Decades after she’d competed as a junior equestrienne, a then 36-year-old Anne Finch found herself in Florida as a regional marketing director for Estée Lauder, putting in long hours and yearning for a respite from the daily grind. “I drove past a show stable on the way to my office one day. The sights, beauty and smell brought joy and memories from my youth,” she recalls. “I drove over, walked in, next thing I knew I was an owner.”
Twelve years later, Finch has risen to the top of the adult amateur ranks in an equitation specialty in which she and her horse are judged on a set number of jumps based on technical accuracy, style and positioning. Last year, Finch bested 28 other riders to win the prestigious Ariat National Adult Medal Finals at the Capital Challenge Horse Show in Upper Marlboro, Maryland. “It meant the culmination of all my hard work. It was about reaching a goal and sharing it with my mom,” says Finch.
To the untrained observer, Finch’s mastery of equitation appears effortless. At the Capital Challenge, she looked poised and natural riding the 14-year- old chocolate-and-white horse W.C. Swing. However, atop a horse as well as at her job, victories are the product of extensive preparation—she rides six days a week to practice for competitions —and strategic decisions.
Finch acknowledges perfecting her sport can occasionally amount to self- torture, but she prefers to think of it as “character building.” Although tough practices have led to wins, collecting trophies isn’t her main goal. “I’m never worried about winning. I’m worried about doing the right thing,” she says. “When I go in the ring to compete, I want to do well. If I don’t win, I want to know what I could have done better. I watch people who are really good. If someone beats me who is really good, I’m so impressed.”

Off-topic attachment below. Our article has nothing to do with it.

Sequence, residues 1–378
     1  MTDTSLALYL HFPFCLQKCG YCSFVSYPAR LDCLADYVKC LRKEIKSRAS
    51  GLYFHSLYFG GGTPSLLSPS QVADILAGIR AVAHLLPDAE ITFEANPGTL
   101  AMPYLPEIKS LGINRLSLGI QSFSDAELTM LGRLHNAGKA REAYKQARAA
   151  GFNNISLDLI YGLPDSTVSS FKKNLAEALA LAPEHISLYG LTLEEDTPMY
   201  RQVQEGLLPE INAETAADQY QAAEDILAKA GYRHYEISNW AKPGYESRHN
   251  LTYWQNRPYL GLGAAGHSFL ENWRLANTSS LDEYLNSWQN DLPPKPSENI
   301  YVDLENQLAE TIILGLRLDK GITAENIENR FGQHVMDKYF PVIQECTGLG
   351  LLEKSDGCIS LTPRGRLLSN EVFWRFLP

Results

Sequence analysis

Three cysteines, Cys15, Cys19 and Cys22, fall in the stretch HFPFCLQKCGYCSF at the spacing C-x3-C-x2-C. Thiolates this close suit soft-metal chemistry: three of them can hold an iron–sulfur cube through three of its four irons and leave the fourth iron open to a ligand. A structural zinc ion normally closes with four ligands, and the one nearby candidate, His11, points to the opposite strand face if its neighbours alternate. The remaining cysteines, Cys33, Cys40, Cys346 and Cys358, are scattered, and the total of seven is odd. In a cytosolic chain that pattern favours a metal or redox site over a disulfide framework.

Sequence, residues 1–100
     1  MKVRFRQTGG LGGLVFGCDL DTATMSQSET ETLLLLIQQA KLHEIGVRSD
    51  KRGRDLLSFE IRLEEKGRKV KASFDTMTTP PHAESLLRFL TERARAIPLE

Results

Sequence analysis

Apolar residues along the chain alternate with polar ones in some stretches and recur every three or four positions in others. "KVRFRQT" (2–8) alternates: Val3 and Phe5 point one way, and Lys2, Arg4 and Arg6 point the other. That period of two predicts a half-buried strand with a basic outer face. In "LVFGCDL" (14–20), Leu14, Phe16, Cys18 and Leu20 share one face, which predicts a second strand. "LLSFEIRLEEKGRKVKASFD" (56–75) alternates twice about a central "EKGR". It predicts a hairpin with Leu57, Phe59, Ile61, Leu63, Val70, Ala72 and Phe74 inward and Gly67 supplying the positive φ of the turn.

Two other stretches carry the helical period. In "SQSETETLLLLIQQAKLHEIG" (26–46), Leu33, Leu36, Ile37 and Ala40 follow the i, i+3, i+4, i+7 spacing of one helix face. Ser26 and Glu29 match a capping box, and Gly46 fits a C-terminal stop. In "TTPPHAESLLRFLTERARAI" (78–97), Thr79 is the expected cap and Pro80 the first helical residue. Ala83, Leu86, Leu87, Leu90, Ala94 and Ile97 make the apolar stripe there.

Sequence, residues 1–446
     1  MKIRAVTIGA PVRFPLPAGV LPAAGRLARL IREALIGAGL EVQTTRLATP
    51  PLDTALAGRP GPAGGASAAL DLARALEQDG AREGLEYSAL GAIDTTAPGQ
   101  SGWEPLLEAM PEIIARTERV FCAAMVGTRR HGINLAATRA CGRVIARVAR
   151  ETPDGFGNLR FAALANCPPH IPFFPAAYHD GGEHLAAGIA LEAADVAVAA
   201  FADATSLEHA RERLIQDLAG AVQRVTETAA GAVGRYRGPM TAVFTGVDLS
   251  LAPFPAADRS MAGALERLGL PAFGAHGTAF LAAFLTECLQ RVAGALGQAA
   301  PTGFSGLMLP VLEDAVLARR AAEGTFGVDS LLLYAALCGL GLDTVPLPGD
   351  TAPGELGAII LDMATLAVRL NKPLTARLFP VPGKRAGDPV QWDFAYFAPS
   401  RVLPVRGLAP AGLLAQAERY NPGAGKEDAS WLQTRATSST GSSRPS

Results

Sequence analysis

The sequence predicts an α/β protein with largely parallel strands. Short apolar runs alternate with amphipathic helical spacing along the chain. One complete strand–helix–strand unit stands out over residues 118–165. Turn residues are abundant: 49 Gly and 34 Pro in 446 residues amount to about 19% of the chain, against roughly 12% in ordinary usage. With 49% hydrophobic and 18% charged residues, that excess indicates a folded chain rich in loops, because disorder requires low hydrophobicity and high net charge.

Finch’s love of horses dates back to age six, when she started riding in the Santa Barbara area where she was raised. She remembers feeling exhilarated, not scared, upon jumping for the first time. “I was like, ‘I want to jump more! I want to jump every day!’” she exclaims. At seven, Finch began competing, and says she learned an important lesson in those early days from a trainer who was adamant she respect and care for horses. “She really wanted to teach us responsibility,” says Finch.
As an adult, riding has become a critical outlet for dealing with life’s stresses beyond the ring, and has given Finch a sense of accomplishment. “The fact that I went back, and I did it all on my own and learned how to do everything, I was quite proud,” she says.
Finch’s passion for horses is evident in Katherine Cosmetics, a luxury makeup brand she founded that officially launches in August using a direct-sales model à la Avon. Brown leather saddles and silver stirrups inspired the brand’s packaging, and Finch tested all of the formulas herself during competitions and practice to ensure they withstood sweat, grime and wear. The line consists of five core products that she believes are all a woman needs to look healthy and polished during any activity. “I saw a need for a simple routine that is natural looking and just makes you look better,” Finch says, “in a way that isn’t trying too hard to stand out, but does it naturally with confidence and authenticity.”